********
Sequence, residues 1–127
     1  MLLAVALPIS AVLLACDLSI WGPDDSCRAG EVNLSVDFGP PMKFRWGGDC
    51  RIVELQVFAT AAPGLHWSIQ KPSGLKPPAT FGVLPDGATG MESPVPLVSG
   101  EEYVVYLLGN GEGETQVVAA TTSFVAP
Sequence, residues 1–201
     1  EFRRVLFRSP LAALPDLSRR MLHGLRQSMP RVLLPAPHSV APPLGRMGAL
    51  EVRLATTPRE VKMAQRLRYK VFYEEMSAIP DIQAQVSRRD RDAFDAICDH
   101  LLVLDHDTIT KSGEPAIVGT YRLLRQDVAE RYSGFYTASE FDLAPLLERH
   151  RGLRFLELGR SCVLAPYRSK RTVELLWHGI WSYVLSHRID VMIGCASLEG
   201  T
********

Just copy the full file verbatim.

Sequence, residues 1–127
     1  MLLAVALPIS AVLLACDLSI WGPDDSCRAG EVNLSVDFGP PMKFRWGGDC
    51  RIVELQVFAT AAPGLHWSIQ KPSGLKPPAT FGVLPDGATG MESPVPLVSG
   101  EEYVVYLLGN GEGETQVVAA TTSFVAP
Sequence, residues 1–201
     1  EFRRVLFRSP LAALPDLSRR MLHGLRQSMP RVLLPAPHSV APPLGRMGAL
    51  EVRLATTPRE VKMAQRLRYK VFYEEMSAIP DIQAQVSRRD RDAFDAICDH
   101  LLVLDHDTIT KSGEPAIVGT YRLLRQDVAE RYSGFYTASE FDLAPLLERH
   151  RGLRFLELGR SCVLAPYRSK RTVELLWHGI WSYVLSHRID VMIGCASLEG
   201  T